Robert Morrison

Why should anyone object to “tolerance?” James Madison did. When he was just 25, Madison persuaded patriot leader George Mason to change the words of the Virginia Declaration of Rights from “fullest tolerance” of religion to “free exercise of religion.”

Thomas Jefferson used Mason’s Virginia document as a basis for our own Declaration of Independence.

Madison knew that when you grant “tolerance” to minority religious groups, you are presuming that they exercise their rights only with your generous forbearance.

The rights of man, John F. Kennedy memorably said, come not from the generosity of the state, but from the hand of God. First among these rights is the right to worship God as our consciences dictate. That’s why Jefferson and Madison cooperated on the 1786 Virginia Statute for Religious Freedom. This document can rightly be called the Magna Carta of religious freedom. It set a high standard for the world. It’s the chief reason the Founders called the American system of government Novus Ordo Seclorum, the new order of the ages.

George Washington also took issue with “tolerance.” In his historic Letter to the Hebrew Congregation at Newport, President Washington personally delivered his reply to the leaders of this famous Rhode Island synagogue.

It is now no more that toleration is spoken of as if it were the indulgence of one class of people that another enjoyed the exercise of their inherent natural rights, for, happily, the Government of the United States, which gives to bigotry no sanction, to persecution no assistance, requires only that they who live under its protection should demean themselves as good citizens in giving it on all occasions their effectual support.

This was the first time in human history that any nation’s ruler had addressed the Jews as equal fellow citizens. It is yet another reason for what we call “American Exceptionalism.”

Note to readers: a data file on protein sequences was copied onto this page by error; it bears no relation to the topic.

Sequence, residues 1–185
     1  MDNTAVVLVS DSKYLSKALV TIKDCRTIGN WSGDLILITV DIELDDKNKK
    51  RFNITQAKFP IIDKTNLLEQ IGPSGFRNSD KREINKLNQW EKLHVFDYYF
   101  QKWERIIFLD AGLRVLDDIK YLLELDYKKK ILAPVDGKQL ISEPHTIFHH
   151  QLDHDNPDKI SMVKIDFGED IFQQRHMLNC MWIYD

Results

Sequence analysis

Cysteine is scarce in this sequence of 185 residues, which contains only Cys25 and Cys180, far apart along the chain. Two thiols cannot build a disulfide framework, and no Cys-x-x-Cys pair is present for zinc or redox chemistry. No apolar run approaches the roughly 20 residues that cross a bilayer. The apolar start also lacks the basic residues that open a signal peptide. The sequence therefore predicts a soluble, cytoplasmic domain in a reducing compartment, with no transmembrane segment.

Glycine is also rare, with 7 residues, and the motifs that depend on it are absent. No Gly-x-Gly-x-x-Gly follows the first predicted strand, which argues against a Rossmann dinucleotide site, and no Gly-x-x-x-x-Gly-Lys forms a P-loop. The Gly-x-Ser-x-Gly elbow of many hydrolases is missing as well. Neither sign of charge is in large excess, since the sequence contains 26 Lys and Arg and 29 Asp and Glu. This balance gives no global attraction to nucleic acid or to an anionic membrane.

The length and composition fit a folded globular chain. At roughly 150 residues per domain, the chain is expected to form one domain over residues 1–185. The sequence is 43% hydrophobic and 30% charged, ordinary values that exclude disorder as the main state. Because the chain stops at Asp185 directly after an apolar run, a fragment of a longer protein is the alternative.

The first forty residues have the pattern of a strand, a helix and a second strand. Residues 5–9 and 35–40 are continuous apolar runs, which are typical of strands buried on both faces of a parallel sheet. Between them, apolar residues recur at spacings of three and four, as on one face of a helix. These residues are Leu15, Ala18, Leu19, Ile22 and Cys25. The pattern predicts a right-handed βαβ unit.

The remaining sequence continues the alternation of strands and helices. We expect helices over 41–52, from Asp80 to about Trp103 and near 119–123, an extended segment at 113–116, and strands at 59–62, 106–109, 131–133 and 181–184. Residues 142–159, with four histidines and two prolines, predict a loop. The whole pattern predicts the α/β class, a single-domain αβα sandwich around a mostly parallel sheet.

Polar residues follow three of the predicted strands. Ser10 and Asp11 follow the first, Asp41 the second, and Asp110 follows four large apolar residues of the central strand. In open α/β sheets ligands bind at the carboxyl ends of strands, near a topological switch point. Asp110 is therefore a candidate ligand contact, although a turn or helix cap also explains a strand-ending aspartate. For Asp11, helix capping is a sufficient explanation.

We should welcome every small advance toward religious liberty in the Muslim lands. But we should be alert to the inherent problems with mere “tolerance.” And we should reject out of hand the “repugnancy clauses” that our State Department included in the American-supervised constitutions of Iraq and Afghanistan.

These offensive clauses state that notwithstanding anything else in this constitution, nothing shall be done by this government that is repugnant to Islam. Well, who decides what is repugnant to Islam? The mullahs do. Which mullahs? The mullahs with more guns, of course. These repugnancy clauses not only swallow up any other guarantees in those wholly defective constitutions, they guarantee unending sectarian strife. These deeply flawed documents are what assure us that there will be no “Iraqi freedom” at the end of eight years of Operation Iraqi Freedom and no enduring freedom in Afghanistan ever. Both nations are listed by Freedom House as “not free.” Nor, following these wholly defective “constitutions” will they ever be set free.


Robert Morrison

Robert Morrison is a senior fellow for policy studies at the Family Research Council.